Although it seems inadvertent, the Russia-Ukraine war has bitterly exposed the limits of US influence in the Middle East. On the one hand, Washington has failed to force the OPEC countries to increase oil production, and on the other hand, the region is already calibrating to form a joint security architecture independent of Washington. In fact, as reports in the US mainstream media have highlighted, Biden’s decision to use its oil strategic reserves to control rising oil prices was specifically forced upon him by Saudia’s refusal to break the OPEC-plus pact – which includes Russia as well – to increase daily oil production. This is an indication of the extremely poor state of US-Saudia ties since the arrival of Joe Biden in the White House. This state is likely to deteriorate further, as pressure from within the US government – and state institutions – builds up on Biden to review, or downgrade, Washington’s ties with the Riyadh.
In the second week of April, leaders of the House foreign affairs and intelligence committee along with 20 other Democrats wrote a letter to the White House asking the Biden administration to “recalibrate” US ties with Riyadh in view of the latter’s refusal to toe the US line in the ongoing Russia-Ukraine conflict.
These Congressmen reminded Joe Biden of the US’ “continued unqualified support for the Saudi monarchy, which systematically, ruthlessly represses its own citizens, targets critics all over the world, carries out a brutal war in Yemen, and bolsters authoritarian regimes throughout the Middle East and North Africa, runs counter to U.S. national interests and damages the credibility of the United States to uphold our values.”
The letter further added that this “recalibration” has become all the more important because the Saudi crown prince
“rejected a phone call from the U.S. government to discuss Russia’s invasion of Ukraine and the subsequent oil crisis. Instead of accepting appeals from our government to produce more oil, an initial step that would immediately lower prices for Americans across the country, the Saudi monarchy has elected to engage in talks with Beijing to discuss pricing a portion of its oil sales to China in yuan, a proposal that would weaken the reach of the dollar.”
While critical of Saudi policies, this letter is perhaps a very apt analysis of the shifting global geopolitics and how one of the largest producers of oil in the world is responding to it. This response is quite certainly a shock for many in the US where successive administrations, up until 2020, provided all possible support to the Saudis in their various geopolitical adventures.
But, when Joe Biden came into power and as he sought to implement the ‘Asia Pivot 2.0’, the Middle East – including the Saudis – lost its preeminent relevance for the US geopolitics. The US was seeking to shift the focus of international conflict from the Middle East to Southeast Asia. This shift towards anti-China geopolitics, however, also allowed Europe to recalibrate its ties with Russia, which is why Nord Stream-2 became possible and why an increasing number of European states started talking about a European security infrastructure independent of NATO and the US. However, a European recalibration was not acceptable to the US; hence, Washington’s support for expanding NATO to Ukraine to revive the ‘Russian threat’ to Europe. This has served the US insofar as many European countries – Sweden and Finland, for instance – are seeking NATO membership and existing NATO members, such as Germany, are increasing their defence budgets, part of which will be spent on buying the made-in-US F-35 jets.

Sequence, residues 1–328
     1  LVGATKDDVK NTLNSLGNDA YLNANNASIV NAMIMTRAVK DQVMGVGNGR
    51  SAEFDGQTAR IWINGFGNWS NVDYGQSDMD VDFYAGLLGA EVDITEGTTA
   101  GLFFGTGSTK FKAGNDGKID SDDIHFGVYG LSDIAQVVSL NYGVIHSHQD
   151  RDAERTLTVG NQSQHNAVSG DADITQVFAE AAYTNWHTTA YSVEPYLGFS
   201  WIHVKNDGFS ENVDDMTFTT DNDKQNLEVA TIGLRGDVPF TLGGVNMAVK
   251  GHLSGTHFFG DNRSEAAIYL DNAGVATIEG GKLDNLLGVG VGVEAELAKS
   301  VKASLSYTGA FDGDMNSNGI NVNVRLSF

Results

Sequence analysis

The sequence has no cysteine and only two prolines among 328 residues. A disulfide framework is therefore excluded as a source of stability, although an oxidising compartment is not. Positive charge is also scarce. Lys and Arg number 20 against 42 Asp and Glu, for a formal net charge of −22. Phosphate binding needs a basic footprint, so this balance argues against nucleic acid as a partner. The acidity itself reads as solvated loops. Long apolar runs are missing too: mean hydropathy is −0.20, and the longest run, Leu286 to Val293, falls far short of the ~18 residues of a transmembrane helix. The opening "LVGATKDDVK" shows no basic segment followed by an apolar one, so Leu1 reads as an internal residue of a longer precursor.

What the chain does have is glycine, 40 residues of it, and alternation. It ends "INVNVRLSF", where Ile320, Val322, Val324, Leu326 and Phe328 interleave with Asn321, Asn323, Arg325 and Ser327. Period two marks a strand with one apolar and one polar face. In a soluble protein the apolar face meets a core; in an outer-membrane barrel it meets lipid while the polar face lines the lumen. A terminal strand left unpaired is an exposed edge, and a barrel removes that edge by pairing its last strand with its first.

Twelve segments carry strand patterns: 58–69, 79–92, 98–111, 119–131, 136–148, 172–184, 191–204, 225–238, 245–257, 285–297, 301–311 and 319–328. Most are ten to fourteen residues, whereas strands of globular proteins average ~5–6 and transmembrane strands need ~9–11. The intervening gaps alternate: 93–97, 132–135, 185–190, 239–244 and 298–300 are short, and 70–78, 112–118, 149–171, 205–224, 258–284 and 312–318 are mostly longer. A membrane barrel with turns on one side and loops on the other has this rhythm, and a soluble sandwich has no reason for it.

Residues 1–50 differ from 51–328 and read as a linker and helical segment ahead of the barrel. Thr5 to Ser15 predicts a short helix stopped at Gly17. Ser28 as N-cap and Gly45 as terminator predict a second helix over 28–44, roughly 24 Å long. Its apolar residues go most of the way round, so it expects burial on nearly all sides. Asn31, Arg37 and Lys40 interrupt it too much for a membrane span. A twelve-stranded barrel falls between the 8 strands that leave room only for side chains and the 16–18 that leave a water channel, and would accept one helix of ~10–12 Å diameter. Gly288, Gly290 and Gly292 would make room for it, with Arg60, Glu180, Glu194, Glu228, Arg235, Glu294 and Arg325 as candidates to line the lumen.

But the US cannot have its cake and eat it too. While it has been able to bring Europe back under its control, its withdrawal from the Middle East has allowed the latter to pursue a foreign policy approach that does not converge with the US. The US, in simple words, has lost its allies in the Middle East. This is one key reason behind Washington’s push to make a deal with Iran to allow the Iranian oil to reach the international market to help bring oil prices down.
But the US deal with Iran has only added to the list of points of contention plaguing the US-Saudia ties at a time when the Iran-backed Houthi rebels have attacked Saudia Arabia’s mainland many times in the recent past. But the Saudi-backed truce and the exit of a Saudi-backed Yemeni president indicate that Riyadh, given that it no longer receives any direct support from the US, might be willing to remove this burden off its shoulder to move permanently away from the US toward ‘the East’, as the above-mentioned letter indicates.
But this shift, as stressed above, has its roots in the US policies. Washington’s ongoing negotiations with Iran indicate to Riyadh clearly that the US is seeking to dismantle the regional security architecture it maintained and led for many decades. Riyadh, accordingly, is slowly but surely moving towards redefining its ties with Israel. But, while Riyadh is yet to officially recognise Israel like the UAE, its shift towards China and Russia in the wake of the Ukraine-Russia war speaks volumes about the fact that this shift is long-term, if not permanent.
If the Biden administration, which recently hit the lowest point of popularity in recent polls, takes actions against the Saudia as suggested in the letter, it might make this shift permanent. If the Saudis stick to the OPEC-plus pact and refuse to entertain US calls, that too would make this shift permanent.
Salman Rafi Sheikh, research-analyst of International Relations and Pakistan’s foreign and domestic affairs, exclusively for the online magazine “New Eastern Outlook”.